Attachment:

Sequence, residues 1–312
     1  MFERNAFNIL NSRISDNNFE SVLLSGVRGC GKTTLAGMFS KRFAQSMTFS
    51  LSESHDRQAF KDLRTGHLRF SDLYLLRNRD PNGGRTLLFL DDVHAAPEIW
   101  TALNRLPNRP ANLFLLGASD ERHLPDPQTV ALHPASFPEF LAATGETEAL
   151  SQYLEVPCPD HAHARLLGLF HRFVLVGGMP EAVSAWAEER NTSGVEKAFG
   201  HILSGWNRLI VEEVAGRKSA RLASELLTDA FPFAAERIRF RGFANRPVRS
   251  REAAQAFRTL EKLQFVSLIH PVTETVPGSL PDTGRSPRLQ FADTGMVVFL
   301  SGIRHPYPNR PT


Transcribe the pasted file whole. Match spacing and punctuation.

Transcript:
Sequence, residues 1–312
     1  MFERNAFNIL NSRISDNNFE SVLLSGVRGC GKTTLAGMFS KRFAQSMTFS
    51  LSESHDRQAF KDLRTGHLRF SDLYLLRNRD PNGGRTLLFL DDVHAAPEIW
   101  TALNRLPNRP ANLFLLGASD ERHLPDPQTV ALHPASFPEF LAATGETEAL
   151  SQYLEVPCPD HAHARLLGLF HRFVLVGGMP EAVSAWAEER NTSGVEKAFG
   201  HILSGWNRLI VEEVAGRKSA RLASELLTDA FPFAAERIRF RGFANRPVRS
   251  REAAQAFRTL EKLQFVSLIH PVTETVPGSL PDTGRSPRLQ FADTGMVVFL
   301  SGIRHPYPNR PT